The route of this hike. To view a larger map click here.

Hike Stats: 14.8 miles, 4,200' cumulative elevation gain

Pictures from this hike

Other pictures from hikes to Big Bald
March 2008

gpx files and maps

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Trailhead coordinates: 36.03169,-82.42004

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  1. no way you could see charlotte to the left of celo, charlotte is way way to the would be blocked by the balsam crest (shining rock, cold mtn, etc)

  2. btw your photo is stuning, your website is amazing. is it possible i encountered you coming up from Bryson city just NW of newtown bald in the smokies during the late spring in 2010?

  3. Thank you! I checked my journal and I was not in the Smokies anytime during the Spring of 2010, so I guess it wasn't me you met back then. That would have been pretty neat though.

    As for Charlotte being visible from Big Bald, at least the tall buildings on an exceptionally clear day, I still think it is a possibility, but nothing I would claim as fact without verifying from the summit with a spotting scope. I thought I looked at this possibility pretty thoroughly back then, but I just investigated it much more thoroughly and still stand by it. A quick glance at the relief maps on my wall confirms that it may be possible.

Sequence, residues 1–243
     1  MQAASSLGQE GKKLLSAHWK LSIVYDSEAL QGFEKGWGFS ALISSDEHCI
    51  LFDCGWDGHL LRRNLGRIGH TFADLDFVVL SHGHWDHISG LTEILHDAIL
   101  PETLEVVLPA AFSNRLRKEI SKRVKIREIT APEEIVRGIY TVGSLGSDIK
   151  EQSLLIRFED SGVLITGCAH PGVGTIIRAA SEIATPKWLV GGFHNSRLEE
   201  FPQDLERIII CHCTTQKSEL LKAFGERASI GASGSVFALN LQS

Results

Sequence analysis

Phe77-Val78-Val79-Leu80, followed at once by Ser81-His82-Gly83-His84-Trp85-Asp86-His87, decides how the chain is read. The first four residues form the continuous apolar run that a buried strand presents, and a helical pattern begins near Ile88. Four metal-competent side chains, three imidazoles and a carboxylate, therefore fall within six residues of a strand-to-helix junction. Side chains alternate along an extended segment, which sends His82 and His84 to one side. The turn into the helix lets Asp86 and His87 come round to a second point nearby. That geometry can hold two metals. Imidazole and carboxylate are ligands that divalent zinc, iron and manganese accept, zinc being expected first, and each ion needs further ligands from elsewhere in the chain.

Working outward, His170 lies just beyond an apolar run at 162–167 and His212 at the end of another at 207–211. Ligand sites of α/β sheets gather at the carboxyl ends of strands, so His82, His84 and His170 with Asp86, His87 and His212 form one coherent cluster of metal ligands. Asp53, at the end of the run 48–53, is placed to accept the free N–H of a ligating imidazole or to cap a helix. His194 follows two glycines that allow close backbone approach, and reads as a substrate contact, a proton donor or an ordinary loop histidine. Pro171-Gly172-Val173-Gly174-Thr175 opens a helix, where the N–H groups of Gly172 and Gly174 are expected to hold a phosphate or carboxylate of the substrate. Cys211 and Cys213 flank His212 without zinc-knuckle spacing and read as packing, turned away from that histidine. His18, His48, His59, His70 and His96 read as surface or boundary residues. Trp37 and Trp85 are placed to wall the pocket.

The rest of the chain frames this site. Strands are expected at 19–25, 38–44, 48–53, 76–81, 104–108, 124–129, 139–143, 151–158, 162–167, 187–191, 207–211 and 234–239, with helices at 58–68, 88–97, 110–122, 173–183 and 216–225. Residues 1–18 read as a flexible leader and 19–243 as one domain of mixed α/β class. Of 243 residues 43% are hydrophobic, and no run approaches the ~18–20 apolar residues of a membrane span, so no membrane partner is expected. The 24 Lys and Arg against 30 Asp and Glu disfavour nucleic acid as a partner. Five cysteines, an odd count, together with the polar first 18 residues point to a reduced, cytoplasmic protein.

First, it would indeed be just left of Celo Knob and about 104 miles away to the Southeast, not South. Shining Rock is actually southwest of Big Bald at a bearing of 206° and a distance of 48 miles. See this link:
    Use the digital binoculars and look a little to the right of Black Balsam Knob.

    If Charlotte is indeed blocked from view, it is going to be blocked by either Bowlens Pyramid and other peaks just north of the Blacks, or by the mountains on the Blue Ridge crest just south of Spruce Pine, or quite possibly by the lower South Mountains in the vicinity of Walker Top. See this link:

    I did say the tall buildings though, and the tallest is the Bank of America Corporate Center, which is 871' high. The second tallest is the Duke Energy Center which is 786'. This view towards the Blacks and Big Bald is from the coordinates of the Bank of America building and 520' above the ground:
    According to this, Celo Knob would be plainly visible to the northwest at 299° and 90 miles away. I have no doubt that on a clear Winter day this would be true. The peakfinder, however, does not show Big Bald. I don't think that alone means it is not possible though.

    Regardless of whether it is visible or not, it would be interesting to verify it one way or the other. Maybe one of these years one of us will find out for sure.

  4. Well, the links didn't post live, so you'll have to copy and paste them. Sorry.